Parents' Guide to

Rabbit Hole

By S. Jhoanna Robledo, Common Sense Media Reviewer

age 15+

Moving, mature drama about loss is too heavy for kids.

Movie PG-13 2010 91 minutes
Rabbit Hole Poster Image

A Lot or a Little?

What you will—and won't—find in this movie.

Community Reviews

age 14+

Based on 4 parent reviews

age 14+

Rabbit Hole- Sometimes We Need To Go There.

Did not know anything about this movie before watching and came away impressed. While not for everyone, Nicole Kidman and Aaron Eckhart do wondrous things with their roles as parents grieving a loss - and I’m quite surprised at how well it was received. I’ve always loved Dianne Wiest and she delivers in her interesting support role. While the theme may sound like something to avoid David Lindsay Abaire’s fine screenplay, based on his Pulitzer Prize play of the same name makes it a riveting experience. It looks good, does not try to add silly padded diversions and leads you on a believable journey of discovery and understanding. Makes a refreshing change from the standard Hollywood fare and all performances are first class - with nice cinematography and music score rounding it off. Pleased Kidman gave up yet another Woody Allan film in preference for this one.

This title has:

Too much drinking/drugs/smoking
age 15+

Great movie but depressing

I was looking for a good, sad movie to watch and someone recommended Rabbit Hole, I gave it a shot and thought it was quite good. The story is very depressing, didn't make me cry but sensitive viewers may. The story takes off with a married couple who's young son is killed by a teen driver while chasing his dog in the street. The mother Becca (Nicole Kidman) can't stand to see things that remind her of him including his bedroom. Her husband Howie (Aaron Eckhart) can't accept his death and won't let him go. These differences hurts their relationship enough that they both try attending group therapy classes with their good friends Gabby and her husband who also lost a loved one, however, Becca can't stand it so she opts out. Howie's need for some affection is turned down by his wife and he soon turns to good friend Gabby (Sandra Oh) for comfort...or a little more than that. Meanwhile, Becca is secretly meeting with the boy who accidentally killed their son and it helps her understand & forgive him. In the end, they realize that the only way their marriage can stay strong is letting go of the past and accepting what happened. Great movie but depressing. The language is not too bad but does have an angry f-word, some uses of sh*t, Goddamn, @sshole, @ss, pr*ck. Violence has death, the death of a small child but not shown just discussed, a woman slaps another woman in the face hard, loud yelling and arguments, hurtful discussions. Sexual content is fairly mild and includes some affection between a married couple that ends fast, a man attempts to cheat on his wife but doesn't, flirting, a young woman gets pregnant by a man who she's not "with", quick talk about a married couple not having sex. There is some drinking and drug use (two scenes of a man and woman in a car smoking pot with a pipe). This really should be rated R for the language, drug use and emotional content. 16+ viewers seems fair.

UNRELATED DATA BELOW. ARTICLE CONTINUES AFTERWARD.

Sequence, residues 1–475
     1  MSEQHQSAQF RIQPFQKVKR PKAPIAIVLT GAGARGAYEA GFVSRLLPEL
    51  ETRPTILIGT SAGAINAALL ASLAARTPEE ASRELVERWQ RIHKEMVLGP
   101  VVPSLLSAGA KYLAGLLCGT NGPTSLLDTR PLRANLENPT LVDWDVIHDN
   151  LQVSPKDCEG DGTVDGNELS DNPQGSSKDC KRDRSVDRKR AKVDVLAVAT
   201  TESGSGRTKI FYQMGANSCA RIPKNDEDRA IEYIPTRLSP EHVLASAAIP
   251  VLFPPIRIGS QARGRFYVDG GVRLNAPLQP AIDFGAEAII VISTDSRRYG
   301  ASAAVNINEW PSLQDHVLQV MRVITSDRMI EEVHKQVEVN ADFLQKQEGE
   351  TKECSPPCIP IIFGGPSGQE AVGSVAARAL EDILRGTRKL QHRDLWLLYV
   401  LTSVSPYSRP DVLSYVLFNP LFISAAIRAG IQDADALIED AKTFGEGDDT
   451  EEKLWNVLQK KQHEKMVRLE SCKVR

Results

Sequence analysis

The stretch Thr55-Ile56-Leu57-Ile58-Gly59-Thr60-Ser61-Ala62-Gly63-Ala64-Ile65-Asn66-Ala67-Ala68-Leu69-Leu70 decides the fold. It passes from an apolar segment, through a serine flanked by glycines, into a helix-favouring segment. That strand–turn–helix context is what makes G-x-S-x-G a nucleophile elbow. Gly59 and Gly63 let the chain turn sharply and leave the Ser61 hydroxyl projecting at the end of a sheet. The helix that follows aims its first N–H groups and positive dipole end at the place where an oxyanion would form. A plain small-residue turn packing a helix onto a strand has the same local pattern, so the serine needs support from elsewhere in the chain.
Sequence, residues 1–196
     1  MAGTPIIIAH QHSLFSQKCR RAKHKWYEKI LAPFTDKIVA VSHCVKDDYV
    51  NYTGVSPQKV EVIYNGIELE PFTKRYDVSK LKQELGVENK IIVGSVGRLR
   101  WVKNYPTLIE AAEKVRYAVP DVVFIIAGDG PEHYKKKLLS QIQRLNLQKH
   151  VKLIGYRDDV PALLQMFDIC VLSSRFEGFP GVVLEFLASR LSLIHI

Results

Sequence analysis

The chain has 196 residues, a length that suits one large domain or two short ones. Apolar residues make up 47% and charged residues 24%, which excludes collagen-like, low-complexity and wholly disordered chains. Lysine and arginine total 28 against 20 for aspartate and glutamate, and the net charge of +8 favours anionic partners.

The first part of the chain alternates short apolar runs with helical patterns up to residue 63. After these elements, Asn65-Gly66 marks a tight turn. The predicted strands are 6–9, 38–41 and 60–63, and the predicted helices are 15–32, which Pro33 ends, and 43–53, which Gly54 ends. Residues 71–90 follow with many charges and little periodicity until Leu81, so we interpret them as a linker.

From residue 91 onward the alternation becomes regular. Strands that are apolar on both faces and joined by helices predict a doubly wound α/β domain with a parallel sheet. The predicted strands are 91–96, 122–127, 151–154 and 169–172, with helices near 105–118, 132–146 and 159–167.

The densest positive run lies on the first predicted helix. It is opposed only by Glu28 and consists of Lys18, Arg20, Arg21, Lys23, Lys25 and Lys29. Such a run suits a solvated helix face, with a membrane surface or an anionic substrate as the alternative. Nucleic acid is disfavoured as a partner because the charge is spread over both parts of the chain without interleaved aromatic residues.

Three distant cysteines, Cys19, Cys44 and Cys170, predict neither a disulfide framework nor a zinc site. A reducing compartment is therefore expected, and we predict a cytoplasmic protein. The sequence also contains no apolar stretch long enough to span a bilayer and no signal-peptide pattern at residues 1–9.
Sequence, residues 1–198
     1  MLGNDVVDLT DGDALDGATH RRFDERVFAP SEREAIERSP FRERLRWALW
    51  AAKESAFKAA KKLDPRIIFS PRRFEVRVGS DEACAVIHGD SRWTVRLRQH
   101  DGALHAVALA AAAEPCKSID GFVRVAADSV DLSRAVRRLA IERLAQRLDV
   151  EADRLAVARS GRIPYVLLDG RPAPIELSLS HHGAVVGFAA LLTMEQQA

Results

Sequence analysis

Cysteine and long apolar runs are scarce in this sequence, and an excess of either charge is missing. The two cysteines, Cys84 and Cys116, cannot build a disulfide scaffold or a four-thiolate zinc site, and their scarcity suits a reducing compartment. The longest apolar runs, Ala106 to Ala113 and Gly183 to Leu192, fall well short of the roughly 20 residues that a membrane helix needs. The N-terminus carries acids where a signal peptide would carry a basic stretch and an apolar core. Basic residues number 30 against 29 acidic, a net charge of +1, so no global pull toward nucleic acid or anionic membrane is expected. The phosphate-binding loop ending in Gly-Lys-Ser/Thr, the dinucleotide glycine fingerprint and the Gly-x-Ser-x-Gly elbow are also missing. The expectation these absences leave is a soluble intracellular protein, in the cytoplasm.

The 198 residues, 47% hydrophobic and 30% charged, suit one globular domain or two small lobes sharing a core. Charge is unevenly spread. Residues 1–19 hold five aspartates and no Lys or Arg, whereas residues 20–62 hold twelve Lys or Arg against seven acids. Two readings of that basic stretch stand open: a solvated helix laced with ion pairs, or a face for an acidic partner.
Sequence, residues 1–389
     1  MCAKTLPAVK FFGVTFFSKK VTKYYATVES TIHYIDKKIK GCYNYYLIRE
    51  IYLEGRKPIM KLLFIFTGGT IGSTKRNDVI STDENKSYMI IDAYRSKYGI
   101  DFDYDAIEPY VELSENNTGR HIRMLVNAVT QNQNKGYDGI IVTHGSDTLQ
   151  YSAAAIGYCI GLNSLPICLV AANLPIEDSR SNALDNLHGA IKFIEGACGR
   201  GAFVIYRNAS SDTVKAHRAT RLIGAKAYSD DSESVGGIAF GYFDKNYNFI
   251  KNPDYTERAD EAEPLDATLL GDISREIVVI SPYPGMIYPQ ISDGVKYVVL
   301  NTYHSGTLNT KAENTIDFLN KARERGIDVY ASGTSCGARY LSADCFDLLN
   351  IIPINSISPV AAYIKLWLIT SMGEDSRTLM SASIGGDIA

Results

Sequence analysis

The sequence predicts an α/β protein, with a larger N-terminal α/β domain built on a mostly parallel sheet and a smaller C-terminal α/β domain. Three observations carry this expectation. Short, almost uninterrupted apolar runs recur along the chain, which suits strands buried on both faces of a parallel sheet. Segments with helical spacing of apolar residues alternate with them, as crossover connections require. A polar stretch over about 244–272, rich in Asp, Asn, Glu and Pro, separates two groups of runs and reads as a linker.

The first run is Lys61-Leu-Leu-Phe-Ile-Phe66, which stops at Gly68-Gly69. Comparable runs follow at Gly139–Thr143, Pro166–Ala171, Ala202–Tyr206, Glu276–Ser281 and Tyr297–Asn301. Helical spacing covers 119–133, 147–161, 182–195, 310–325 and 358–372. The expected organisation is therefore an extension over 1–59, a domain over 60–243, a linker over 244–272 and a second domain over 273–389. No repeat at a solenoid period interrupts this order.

This title has:

Too much swearing
Too much drinking/drugs/smoking

Is It Any Good?

Our review:
Parents say (4 ):
Kids say (1 ):

Kidman is impressive as the wounded Becca, who won't let anyone attend to her pain. She's prickly and unpredictable, and her heartbreak is deeply felt despite her attempts to dismiss it. Her scenes with the incomparable Diane Wiest are a joy to watch, if only to see them play mother and daughter with such realism and knowing. Eckhart surprises with a vulnerability we rarely get to see him display, and Teller is memorable as a teenager trying to find his way back to a happier life. A few moments work too hard to evoke emotion -- the scene in the supermarket, for instance, when Becca is shocked at her own display of rage -- but those are, thankfully, the exceptions.

Based on a Pulitzer Prize-winning play by David Lindsay-Abaire, RABBIT HOLE turns its viewers into witnesses of a marriage at a crossroads: Can their grief cannibalize their marriage, their selves? It's a weighty question that the film embraces, beautifully. Rather than provide audiences with the expected portraits of anguish, it aims for an unvarnished and messy truth -- difficult to categorize, stunning to watch.

Movie Details

  • In theaters: December 17, 2010
  • On DVD or streaming: April 19, 2011
  • Cast: Aaron Eckhart , Dianne Wiest , Nicole Kidman
  • Director: John Cameron Mitchell
  • Inclusion Information: Gay directors, Female actors
  • Studio: Lionsgate
  • Genre: Drama
  • Run time: 91 minutes
  • MPAA rating: PG-13
  • MPAA explanation: mature thematic material, some drug use and language
  • Last updated: September 24, 2023

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